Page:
Robert Young


Robert YoungYoung was the longest serving employee of Dickinson College for most of the institution’s now 235-year history.  From the 1860s to the 1910s, he worked as a servant in the president’s household, a janitor, and a campus policeman.  For decades, he was also a renowned figure in Carlisle, a pious church leader and defiant civil rights activist.  Perhaps most important, the Young family helped to integrate several educational institutions in the area, including Dickinson itself.   Yet Robert Young has not remembered by the modern institution at all, and often gets overlooked or misidentified in photographs that remain from his era. In 2021, the college officially renamed Cooper Residence Hall as Spradley-Young Residence Hall, in honor of Young and his longtime friend and janitorial colleague, Henry W. Spradley.


From the 2021 renaming ceremony:

Until recently, Robert C. Young was the longest serving employee in the history of Dickinson College. He was also a renowned figure in Carlisle, a respected church leader and a defiant civil rights activist.

Young was born enslaved on a plantation in western Virginia around 1845. After the Civil War, he found his was to Carlisle, married Matilda Humphries and became a paid domestic servant to the Dickinson College president. Young then got promoted to senior college janitor, serving alongside his friend Henry Spradley.

Robert and Matilda Young had other children who were equally devoted to education and community service and even a granddaughter who graduated from Dickinson College in 1934. Robert C. Young died in 1922, remembered and respected by generations of students and faculty.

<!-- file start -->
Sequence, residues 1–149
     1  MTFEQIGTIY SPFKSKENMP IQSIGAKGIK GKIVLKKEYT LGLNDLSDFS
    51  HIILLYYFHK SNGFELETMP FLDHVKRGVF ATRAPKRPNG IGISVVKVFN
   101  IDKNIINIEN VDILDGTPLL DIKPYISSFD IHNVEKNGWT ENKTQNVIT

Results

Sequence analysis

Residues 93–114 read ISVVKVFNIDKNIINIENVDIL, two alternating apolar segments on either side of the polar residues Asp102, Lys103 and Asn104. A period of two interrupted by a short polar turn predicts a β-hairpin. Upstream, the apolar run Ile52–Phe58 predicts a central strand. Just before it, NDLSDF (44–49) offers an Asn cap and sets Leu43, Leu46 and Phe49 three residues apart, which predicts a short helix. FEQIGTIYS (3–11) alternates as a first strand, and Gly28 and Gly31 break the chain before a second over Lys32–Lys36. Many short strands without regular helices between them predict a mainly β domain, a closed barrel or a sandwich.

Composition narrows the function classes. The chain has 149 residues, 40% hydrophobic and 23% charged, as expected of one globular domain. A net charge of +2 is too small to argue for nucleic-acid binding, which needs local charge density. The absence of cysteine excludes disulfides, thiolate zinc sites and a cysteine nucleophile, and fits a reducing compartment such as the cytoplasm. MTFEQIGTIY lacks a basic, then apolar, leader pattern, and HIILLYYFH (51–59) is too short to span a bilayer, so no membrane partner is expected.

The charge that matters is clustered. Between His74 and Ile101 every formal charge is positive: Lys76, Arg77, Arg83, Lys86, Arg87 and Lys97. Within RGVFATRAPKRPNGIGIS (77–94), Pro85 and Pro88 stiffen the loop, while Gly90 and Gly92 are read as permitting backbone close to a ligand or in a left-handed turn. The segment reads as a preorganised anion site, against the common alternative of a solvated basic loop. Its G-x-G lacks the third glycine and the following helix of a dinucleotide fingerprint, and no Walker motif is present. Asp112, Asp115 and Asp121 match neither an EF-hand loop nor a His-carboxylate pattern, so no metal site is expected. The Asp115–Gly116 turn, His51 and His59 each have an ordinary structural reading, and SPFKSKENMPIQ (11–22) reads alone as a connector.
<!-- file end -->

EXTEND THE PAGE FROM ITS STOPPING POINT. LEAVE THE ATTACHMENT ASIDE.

Additional Family Background

Robert C. Young began appearing in the federal census records in Carlisle in 1870 and he and members of his growing family kept appearing there together until the 1920s.  The federal census takers usually recorded Young as  a “mulatto” or mixed race resident originally from Virginia, but sometimes they defined him simply as black.  Recollections by Dickinson students identified Young as a former slave from  the William Smith plantation in Charlestown (now Wellsburg) in Brooke County, VA (now WV).  Matilda Humphries Young was the wife and mother in the Young household, with children, Robert G. Young (b. 1871), George (b. 1872), Henry (b. 1874), Annie (b. 1877), William (b. 1878), James Garfield (b. 1882), Emma (b. 1885), and Joseph (b. 1887).  Beginning in the 1880s, local Carlisle newspapers always referred to Young as a leader of the black community in town.  He fought for civil rights and integration.  The case involving his efforts in 1886 to get eldest son Robert G. Young into Dickinson made national headlines. For many years, he was also deacon in the Shiloh Baptist Church and a leader in regional black fraternal organizations.   He was certainly a longtime employee at Dickinson, including several years as a “policeman” in charge of security around the campus.  In that position, he frequently appeared in the local newspapers involving various disturbances and minor crimes. And eventually, in 1922, he was honored with burial at Union Cemetery.

There was at least one Young family member who did graduate from Dickinson College.  Charlotte Young (McStallworth), the daughter of James Garfield Young and his wife Mary Jane Jackson Young (who had attended Dickinson preparatory school) graduated from the college in 1934.  Charlotte married, became a public school teacher in Ohio, and eventually died in Las Vegas, Nevada in 2011.



  • Thompson, Naji. “Memorial Park – Lincoln Cemetery.” Social Justice in the African American Imagination, Spring 2016 [WEB]


All images courtesy of the House Divided Project at Dickinson College with original publication details available inside our research engine